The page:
Sunday 17 December 2017

Earley refusing to put date on injury return

Dermot Earley. Photo: Sportsfile
Dermot Earley. Photo: Sportsfile
Donnchadh Boyle

Donnchadh Boyle

GIVEN some of Kildare's luck recently, Dermot Earley is wise not to put a date on his return from a second cruciate operation inside a few months.

Apart from the high-profile decisions that went against Kildare at crucial times both last summer and in 2010, they have been hampered by long-term knee injuries to Earley, Mikey Conway, Hugh Lynch, Peter Kelly and Ken Donnelly.

And while Earley has progressed further than he had before suffering a relapse earlier this year and is "back doing a small bit of running", he's not setting any targets for a return to action.

"With a second (operation), you have to be that bit more careful so I'm not putting a timeline on it. I'm not specifically saying I want to get back for this game in the league or that game in the championship. I will know myself when it's right and hopefully that will be before the championship," he said.

Earley, who will be 34 next summer, hadn't even got back to light running when he was forced to go under the knife for a second time after a graft didn't take. This time, the signs are better as a graft from his hamstring has worked better and shown steady improvement.


Kelly, Donnelly and Conway all stepped up their rehabilitation when they played some part as a Kildare side played a Patrician selection recently in a specially sanctioned game to mark the Newbridge secondary school's Golden Jubilee celebrations.

And while Kildare have been on the receiving end of some bad luck on certain occasions, Earley cited the experience of Cork and Dublin, who also suffered heartbreaking defeats before they made their All-Ireland breakthroughs in the past two seasons.

"That (All-Ireland quarter-final) against Donegal, it was a really tough defeat to take -- mentally tough. It was the worst dressing-room I've ever seen," Earley said at the launch of the announcement of Bord na Mona as sponsors of Leinster GAA's O'Byrne, Walsh and Kehoe Cups.

"To lose it like that with the last kick of the game, when we actually had the game... it goes to show you that decisions can go against you. I think it will motivate ourselves to train harder. They say, the harder you train the luckier you get.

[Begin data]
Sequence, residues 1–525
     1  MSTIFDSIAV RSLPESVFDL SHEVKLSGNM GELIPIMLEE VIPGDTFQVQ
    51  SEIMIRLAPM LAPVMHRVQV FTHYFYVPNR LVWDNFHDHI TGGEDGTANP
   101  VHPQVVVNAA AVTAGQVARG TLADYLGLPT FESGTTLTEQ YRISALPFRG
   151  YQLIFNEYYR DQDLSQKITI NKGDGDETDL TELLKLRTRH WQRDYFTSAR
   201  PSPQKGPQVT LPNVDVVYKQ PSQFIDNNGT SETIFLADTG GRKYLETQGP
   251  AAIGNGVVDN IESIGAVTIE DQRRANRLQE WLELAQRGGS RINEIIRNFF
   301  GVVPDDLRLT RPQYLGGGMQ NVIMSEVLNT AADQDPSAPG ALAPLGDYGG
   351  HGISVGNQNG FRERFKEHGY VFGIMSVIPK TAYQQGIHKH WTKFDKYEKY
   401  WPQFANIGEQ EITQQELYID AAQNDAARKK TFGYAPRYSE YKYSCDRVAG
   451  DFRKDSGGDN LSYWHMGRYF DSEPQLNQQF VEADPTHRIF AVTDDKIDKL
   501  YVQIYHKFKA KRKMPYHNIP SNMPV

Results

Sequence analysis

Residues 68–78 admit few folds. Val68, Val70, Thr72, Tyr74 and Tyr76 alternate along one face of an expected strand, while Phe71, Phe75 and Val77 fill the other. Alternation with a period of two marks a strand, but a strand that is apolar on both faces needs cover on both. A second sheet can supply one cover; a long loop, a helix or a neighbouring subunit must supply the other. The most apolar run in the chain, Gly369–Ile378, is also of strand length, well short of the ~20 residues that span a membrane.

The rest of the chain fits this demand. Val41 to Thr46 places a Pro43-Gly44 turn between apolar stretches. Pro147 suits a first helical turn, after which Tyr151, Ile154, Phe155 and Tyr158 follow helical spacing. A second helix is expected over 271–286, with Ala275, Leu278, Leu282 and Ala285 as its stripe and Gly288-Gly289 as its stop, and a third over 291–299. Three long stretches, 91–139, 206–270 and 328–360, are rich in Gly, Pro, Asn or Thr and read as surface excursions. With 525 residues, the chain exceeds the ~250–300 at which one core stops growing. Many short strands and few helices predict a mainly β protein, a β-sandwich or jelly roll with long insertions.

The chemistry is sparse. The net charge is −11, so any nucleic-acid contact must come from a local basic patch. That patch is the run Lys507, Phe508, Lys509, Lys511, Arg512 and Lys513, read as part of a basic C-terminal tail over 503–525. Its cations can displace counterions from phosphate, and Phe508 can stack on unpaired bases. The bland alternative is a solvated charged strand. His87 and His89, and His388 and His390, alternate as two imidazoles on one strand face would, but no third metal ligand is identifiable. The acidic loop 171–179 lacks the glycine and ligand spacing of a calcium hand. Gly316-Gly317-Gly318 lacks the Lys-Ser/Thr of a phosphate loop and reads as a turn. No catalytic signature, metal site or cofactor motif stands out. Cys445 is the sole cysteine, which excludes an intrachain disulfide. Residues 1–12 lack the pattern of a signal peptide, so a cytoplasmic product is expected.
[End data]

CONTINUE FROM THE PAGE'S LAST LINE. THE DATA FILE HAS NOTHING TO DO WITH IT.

"We looked at certain things. And we'll work on them. But you have to take heart as well. Look at Cork -- when they won the All-Ireland they had a couple of years similar to ourselves.

"And look at Dublin and the defeats they had and how much mentally stronger they are for it now. We're on that curve.

"That last 5pc is always the hardest. But that's what separates the winners from the losers."

In light of the ongoing speculation linking Seanie Johnston to Kildare, Earley insisted that while the acquisition of the Cavan man was unlikely, any 'outsider' to join the county side would be forced to earn their spot in Kieran McGeeney's side.

"Maybe with Kildare, when you look back, we've had players leave us and players join us. It's always bandied about. I haven't seen anyone, I haven't heard anything. I haven't seen any of the boys," he said.

"It's up to the boys themselves. Karl O'Dwyer and Brian Lacey transferred to clubs in Kildare and they made a huge difference.

"I still think if a player wants to come, he has to work hard to get on our team. If a fella is doing that, he deserves to be on it. But I haven't seen anyone or heard anything. To be honest, I doubt it."

Bord na Mona's sponsorship of the O'Byrne, Walsh and Kehoe Cups will also benefit the province's hardship fund. The three-year deal is the first sponsorship arrangement since the pre-season Leinster competitions were founded in 1954 and will help the existing fund that goes towards players, families and officials facing difficult times.

Irish Independent

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